2. The basic recipe for potato chips had been around before 1853. Cutting up potatoes, cooking them in oil or fat, and then salting them was NOT a new idea. Dave and others have found references in articles and cook books. Perhaps it was a local (but not exclusive) variation of the recipe that we call a chip today. That is possible.

3. As I showed above, George's sister took credit for the invention. George never did in any resource I have found. What does this mean to me? Not sure. Taken at face value, George did NOT invent the chip as he never disputed her claim. I want facts I can deposit in the bank. Consider this and ask yourself what YOU make of it and what questions you want answered.




Curiouser and Curiouser

4. George owned a popular, well liked business in a town that the famous and wealthy vacationed in. He, at the very least, was a powerful part of popularizing the chip. By all accounts the food he served was topnotch. The rich and poor enjoyed his food. When the socialites of  New York City returned home to regale their peers with stories from The Spa, the most excellent products of his kitchen were recommended.

The End!

Wait, what? So, here we stand. We have the story of George and the disgruntled customer. We have deeper dives into the story and the lack of any currently known evidence supporting said story. We know the chip gained popularity amongst socialites and commoners alike in the mid to late 1800's in the Northeast. We know it is a common theme to link Saratoga to this popularity. We know George and Kate are part of this timeline somehow. And that's about it until more facts are found or pieced together. The story of the potato chip is a fun example of the contrast between a popular telling and currently known (keyword: currently) facts. We actually have a hazy veil surrounding the birth of the chip. Did George invent it? Beats the hell out of me. Did Kate? Maybe. Not much of a climax, I know. Very frustrating for me too after all the effort I invested. Lots of huff and puff with no real satisfaction. That's history sometimes. Such a delicious tease! I know George's name will keep being thrown around but I hope at least YOU will know the story is much more than a graphic or meme shared without thought or care. YOU might be the person who finds the missing evidence. There's a lot to still explore. For example, many sources list the July 27th, 1914 issue of the Saratogian newspaper as holding an obituary for George that mentions the potato chip. BUT DAMNED IF I CAN FIND IT! I poured over this date and the two before and after it. If you find it, let me know.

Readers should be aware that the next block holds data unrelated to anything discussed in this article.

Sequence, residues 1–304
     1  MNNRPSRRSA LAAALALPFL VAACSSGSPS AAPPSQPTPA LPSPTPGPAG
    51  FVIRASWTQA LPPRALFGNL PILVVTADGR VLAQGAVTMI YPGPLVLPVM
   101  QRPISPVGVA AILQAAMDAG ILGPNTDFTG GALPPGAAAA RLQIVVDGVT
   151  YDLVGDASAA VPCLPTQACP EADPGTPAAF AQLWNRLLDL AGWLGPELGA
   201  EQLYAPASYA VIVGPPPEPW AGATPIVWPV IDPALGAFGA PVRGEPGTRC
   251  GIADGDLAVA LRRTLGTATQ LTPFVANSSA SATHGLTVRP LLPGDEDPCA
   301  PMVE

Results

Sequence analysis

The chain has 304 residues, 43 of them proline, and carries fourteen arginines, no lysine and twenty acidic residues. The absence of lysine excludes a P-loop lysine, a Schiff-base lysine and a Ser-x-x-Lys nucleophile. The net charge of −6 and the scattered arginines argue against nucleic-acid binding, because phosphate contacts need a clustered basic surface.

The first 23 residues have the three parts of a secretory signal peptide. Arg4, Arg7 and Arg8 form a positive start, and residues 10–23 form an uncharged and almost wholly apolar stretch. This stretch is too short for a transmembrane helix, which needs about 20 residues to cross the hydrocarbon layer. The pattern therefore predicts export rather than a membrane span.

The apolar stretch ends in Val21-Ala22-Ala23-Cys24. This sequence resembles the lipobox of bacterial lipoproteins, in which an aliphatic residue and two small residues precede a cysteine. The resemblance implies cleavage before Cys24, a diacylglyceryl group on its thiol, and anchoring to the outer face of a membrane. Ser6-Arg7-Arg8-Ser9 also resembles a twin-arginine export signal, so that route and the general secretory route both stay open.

ARGH!
If I see another advert for Minard's Liniment or Uneedo Biscuits I'm going to punch myself in the throat. While it was amusing to find a story about five hoboes in Mechanicville that a judge gave exactly ten minutes to leave town, this is what really caught my eye:


Any place I can have my hair done, buy an imported bird AND get an electric massage is swell in my book. I could really go for an electric massage right now, in fact. Follow it up with a big bag of chips.

That spells history no matter how you slice it.






No comments:

Post a Comment